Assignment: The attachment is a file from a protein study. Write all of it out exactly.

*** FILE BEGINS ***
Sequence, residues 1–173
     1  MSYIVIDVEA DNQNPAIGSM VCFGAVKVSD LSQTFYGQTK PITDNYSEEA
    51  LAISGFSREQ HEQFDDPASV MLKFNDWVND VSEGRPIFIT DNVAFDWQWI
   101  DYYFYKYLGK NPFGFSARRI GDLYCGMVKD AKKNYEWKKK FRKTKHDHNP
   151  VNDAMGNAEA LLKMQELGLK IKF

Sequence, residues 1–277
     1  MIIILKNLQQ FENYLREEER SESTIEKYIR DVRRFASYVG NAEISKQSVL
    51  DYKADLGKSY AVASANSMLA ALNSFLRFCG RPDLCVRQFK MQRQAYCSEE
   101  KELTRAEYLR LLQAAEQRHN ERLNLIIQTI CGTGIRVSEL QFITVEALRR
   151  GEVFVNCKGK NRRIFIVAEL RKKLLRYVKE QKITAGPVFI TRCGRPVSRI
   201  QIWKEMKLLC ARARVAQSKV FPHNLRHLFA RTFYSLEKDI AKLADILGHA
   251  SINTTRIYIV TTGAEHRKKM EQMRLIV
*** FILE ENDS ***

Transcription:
Sequence, residues 1–173
     1  MSYIVIDVEA DNQNPAIGSM VCFGAVKVSD LSQTFYGQTK PITDNYSEEA
    51  LAISGFSREQ HEQFDDPASV MLKFNDWVND VSEGRPIFIT DNVAFDWQWI
   101  DYYFYKYLGK NPFGFSARRI GDLYCGMVKD AKKNYEWKKK FRKTKHDHNP
   151  VNDAMGNAEA LLKMQELGLK IKF

Sequence, residues 1–277
     1  MIIILKNLQQ FENYLREEER SESTIEKYIR DVRRFASYVG NAEISKQSVL
    51  DYKADLGKSY AVASANSMLA ALNSFLRFCG RPDLCVRQFK MQRQAYCSEE
   101  KELTRAEYLR LLQAAEQRHN ERLNLIIQTI CGTGIRVSEL QFITVEALRR
   151  GEVFVNCKGK NRRIFIVAEL RKKLLRYVKE QKITAGPVFI TRCGRPVSRI
   201  QIWKEMKLLC ARARVAQSKV FPHNLRHLFA RTFYSLEKDI AKLADILGHA
   251  SINTTRIYIV TTGAEHRKKM EQMRLIV